If you, too, would like to share your story of harassment and intimidation, at a reproductive health care clinic or anywhere else, Hollaback! Boston is here as a resource and a platformand anonymous stories are always welcome! We are honored to publish the experiences that Bostonians have entrusted to us, and we intend to continue offering a space to safely share, to learn, to testify, and to spark conversation and prompt change.

Kate

Chairman Brownsberger, Vice Chairman Markey, Members of the Committee – thank you for the opportunity to address you today.

I urge you to support the Safe Access Bill so people can access health care without feeling unsafe. Even when simply accessing birth control, protestors outside clinics are intimidating and threatening, and we need to ensure safe access to health care in the wake of the Supreme Court decision striking down the buffer zone law.

I’ve been on hormonal birth control, in various forms, since I was 18. From my first period at 13, my cycles were abnormal, irregular and wholly unpredictable; to regulate them, I was prescribed Yasmin, a dual-hormone daily birth control pill, and it worked wonders.

For a time in 2006 and 2007, my birth control costs, no longer covered by insurance while I was a student in Boston, rose above $70 per month. The increased price was a burden. In late 2007, in an effort to be more responsible with my money, I decided to seek out a less expensive alternative. Without a local OB/GYN, I headed to Planned Parenthood. I was prescribed a different dual-hormone generic at a much more reasonable price point, but I had to go to PPLM every month to pick up my pills.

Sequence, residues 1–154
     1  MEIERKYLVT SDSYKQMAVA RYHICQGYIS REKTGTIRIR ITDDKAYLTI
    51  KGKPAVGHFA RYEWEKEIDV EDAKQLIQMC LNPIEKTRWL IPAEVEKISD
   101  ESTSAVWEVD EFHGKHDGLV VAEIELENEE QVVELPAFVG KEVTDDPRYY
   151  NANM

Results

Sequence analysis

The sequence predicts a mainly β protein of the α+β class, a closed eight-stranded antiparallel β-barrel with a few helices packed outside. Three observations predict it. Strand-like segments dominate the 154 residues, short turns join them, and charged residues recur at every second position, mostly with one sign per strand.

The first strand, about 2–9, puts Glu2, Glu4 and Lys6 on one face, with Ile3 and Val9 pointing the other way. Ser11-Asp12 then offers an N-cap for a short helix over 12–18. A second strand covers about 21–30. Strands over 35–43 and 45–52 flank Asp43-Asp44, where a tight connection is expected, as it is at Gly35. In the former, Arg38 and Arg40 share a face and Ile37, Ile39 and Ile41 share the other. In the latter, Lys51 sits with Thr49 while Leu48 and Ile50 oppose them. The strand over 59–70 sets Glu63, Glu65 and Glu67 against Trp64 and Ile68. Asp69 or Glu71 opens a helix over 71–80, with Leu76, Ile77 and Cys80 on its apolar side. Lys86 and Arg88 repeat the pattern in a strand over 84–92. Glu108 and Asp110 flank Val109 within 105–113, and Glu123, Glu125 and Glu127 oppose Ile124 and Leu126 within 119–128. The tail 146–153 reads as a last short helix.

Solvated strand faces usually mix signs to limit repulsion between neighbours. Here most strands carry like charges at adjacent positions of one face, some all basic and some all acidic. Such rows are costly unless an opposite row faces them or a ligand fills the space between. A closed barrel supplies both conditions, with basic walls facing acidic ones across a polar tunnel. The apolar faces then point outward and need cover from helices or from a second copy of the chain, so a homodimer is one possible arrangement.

And so, I did.

One month, on a weekday morning, I arrived at Planned Parenthood in Boston to pick up pills on my way to work as a Northeastern co-op. There were just a handful of protestors outside the clinic, lining the yellow buffer zone painted on the sidewalk, and I locked my bike a bit away from the entrance. As I approached, someone asked why I was there – I assured him it was a private question I didn’t intend to answer, certainly not on the street.

Before I could duck inside the clinic, this counselor escalated his rhetoric: “You nazi bitch, you should be ashamed!”

I turned, shocked, and asked him to repeat himself. He did, and added other vitriol. I asked, from the perceived safety of the doorway far within the yellow line, what he had against a woman seeking medical care, before ducking inside, shaking as I passed through the requisite metal detectors.

That protestor was still there when I left. I was terrified that he would follow me to where I had locked my bike, and furious that I felt ashamed and frightened leaving the clinic with the birth control pills that my doctors prescribed. All of this, on a weekday morning.

Let me reiterate:

I was called a nazi bitch for refusing to tell a stranger on the sidewalk what medical care I sought.

I was told to be ashamed for consulting with doctors about my own health care.